So, a Hot Water Bottle?
Yes!... well, no?
This isn’t just any old hot water bottle – it’s much more eco-friendly than that.
As you know, a hot water bottle is simply a heat retaining bottle that you fill with hot water, and it helps with easing pain or just keeping you (or your bed!) warm.
But not every hot water bottle is as green (quite literally) as ours. This Chimney Sheep-green hot water bottle is made using natural, FSC-certified rubber, hand-drawn by farmers in Sri Lanka. The Fair Rubber Association then ensures that companies pay a Fair Trade premium for every kilogram of rubber bought. Not only is natural rubber, well, natural... but it's sustainable, renewable and even biodegradable, as it comes from a plant source!
It is recommended that you replace your hot water bottles every 2-3 years, depending on how often you use them and how roughly they’re handled. This itself is a good enough reason why you should choose to buy a hot water bottle made from natural rubber, which is eco-friendly, sustainable and renewable, instead of one that’s made using rubber that’s man-made and harmful to our planet.
What’s the difference between natural and synthetic rubber?
Natural rubber is extracted from the “rubber tree” or Hevea brasiliensis, as latex milk. It is harvested by using a hooked knife and removing a thin layer of bark (about 6.4mm, or a quarter of an inch) in a downward half spiral of the tree trunk, allowing the latex to run down into a collecting cup. It takes a lot of skill to be able to tap correctly, but if done right, the tapping panel can yield latex for up to five hours. The farmers tap during the cool hours of the night or very early morning because when the temperature rises too much the latex will coagulate and seal the cut.
The rubber trees don’t need to be cut down to harvest latex, so rubber tapping is not damaging to the forests. Trees need to grow to be at least 6 years old and 6 inches in diameter before they’re ready to be tapped. Once they’re ready, they’re tapped about once every two days but are often rested, especially after a period of particularly heavy tapping. By doing this a tree can be useful for up to 20 years!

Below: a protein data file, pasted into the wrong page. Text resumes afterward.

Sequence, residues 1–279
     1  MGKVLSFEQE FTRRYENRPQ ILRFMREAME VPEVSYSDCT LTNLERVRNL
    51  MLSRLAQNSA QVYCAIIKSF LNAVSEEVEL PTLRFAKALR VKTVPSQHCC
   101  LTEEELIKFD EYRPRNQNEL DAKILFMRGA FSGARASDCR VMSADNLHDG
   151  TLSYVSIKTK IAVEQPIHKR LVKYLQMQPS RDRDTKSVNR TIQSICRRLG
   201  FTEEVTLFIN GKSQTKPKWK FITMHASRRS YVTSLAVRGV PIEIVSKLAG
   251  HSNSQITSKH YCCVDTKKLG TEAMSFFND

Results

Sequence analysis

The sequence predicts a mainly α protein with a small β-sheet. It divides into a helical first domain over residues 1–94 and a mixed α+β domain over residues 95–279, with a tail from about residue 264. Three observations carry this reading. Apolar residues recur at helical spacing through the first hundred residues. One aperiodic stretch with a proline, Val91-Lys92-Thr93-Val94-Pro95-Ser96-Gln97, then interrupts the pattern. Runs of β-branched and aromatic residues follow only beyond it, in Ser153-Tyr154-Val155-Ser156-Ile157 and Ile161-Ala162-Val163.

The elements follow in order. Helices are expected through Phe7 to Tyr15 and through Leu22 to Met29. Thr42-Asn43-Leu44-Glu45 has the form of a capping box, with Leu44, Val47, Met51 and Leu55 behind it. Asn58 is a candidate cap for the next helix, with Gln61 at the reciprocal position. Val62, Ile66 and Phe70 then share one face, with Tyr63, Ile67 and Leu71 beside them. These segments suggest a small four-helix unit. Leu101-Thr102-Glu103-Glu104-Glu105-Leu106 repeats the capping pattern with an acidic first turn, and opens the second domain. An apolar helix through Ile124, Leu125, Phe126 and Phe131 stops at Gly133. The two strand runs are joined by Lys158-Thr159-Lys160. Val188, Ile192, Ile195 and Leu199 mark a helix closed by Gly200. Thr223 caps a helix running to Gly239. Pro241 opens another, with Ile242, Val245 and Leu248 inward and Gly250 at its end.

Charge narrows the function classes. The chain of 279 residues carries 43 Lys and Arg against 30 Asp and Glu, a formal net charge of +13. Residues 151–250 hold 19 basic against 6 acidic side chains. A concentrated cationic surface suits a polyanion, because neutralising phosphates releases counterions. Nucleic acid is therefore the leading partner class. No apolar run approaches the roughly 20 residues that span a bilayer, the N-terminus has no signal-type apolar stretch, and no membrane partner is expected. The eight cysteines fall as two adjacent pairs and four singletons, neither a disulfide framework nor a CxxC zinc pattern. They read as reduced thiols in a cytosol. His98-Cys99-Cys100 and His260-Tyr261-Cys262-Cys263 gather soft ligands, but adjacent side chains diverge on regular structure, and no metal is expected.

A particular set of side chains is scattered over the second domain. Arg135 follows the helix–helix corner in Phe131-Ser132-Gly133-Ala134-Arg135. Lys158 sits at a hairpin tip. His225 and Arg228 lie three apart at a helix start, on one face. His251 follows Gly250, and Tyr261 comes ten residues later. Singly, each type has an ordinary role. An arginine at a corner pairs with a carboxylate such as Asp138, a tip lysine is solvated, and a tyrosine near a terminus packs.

Natural rubber is seen as one of the world’s most essential raw materials and makes up about 30% of the total rubber used annually. It’s hard to say which is “better” when it comes to natural vs synthetic rubber, as both have different properties and are therefore better used in different applications, and both are probably more important than you might first realise (they’re used in medical devices, toys, aircraft and car tyres and all sorts of other things). But it’s easy to say which is better in terms of the environmental impact: natural rubber wins pretty easily. It’s sustainable and biodegradable, rubber trees absorb more carbon dioxide than even the tropical rainforest (because of their leaf density), and it lives a green life – throughout the harvesting, manufacturing, recycling and use.
Synthetic rubber, however, is not at all good for the environment and impacts it a significant amount. All kinds of synthetic rubber are made using petrochemicals such as petroleum and natural gas, using a process called vulcanisation (meaning to harden using sulphur at a high temperature, usually between 140-160°C).
During this process, a hydrocarbon mixture derived from petrochemicals is combined with natural gases to create different types of synthetic rubber. The production of synthetic rubber, like all things produced from non-renewable sources, contributes to our increasing GHG emissions and landfill pollution. In this way, synthetic rubber is just as bad as plastic products.
What is fair trade rubber?
The Fair Rubber Association was founded on June 21, 2012, with the aim to apply the principles of fair trade to products made of natural rubber, so that the tappers and small farmers involved in obtaining the raw latex milk (raw rubber) get help improving their living and working conditions. They currently pay a fair trade premium of EUR 0.50 kg/DRC (Dry Rubber Content). The farmers, plantation workers and tappers decide for themselves how they want to use the Fair Trade premium; whether that be access to clean drinking water, grants for students, or anything else that will benefit the workers.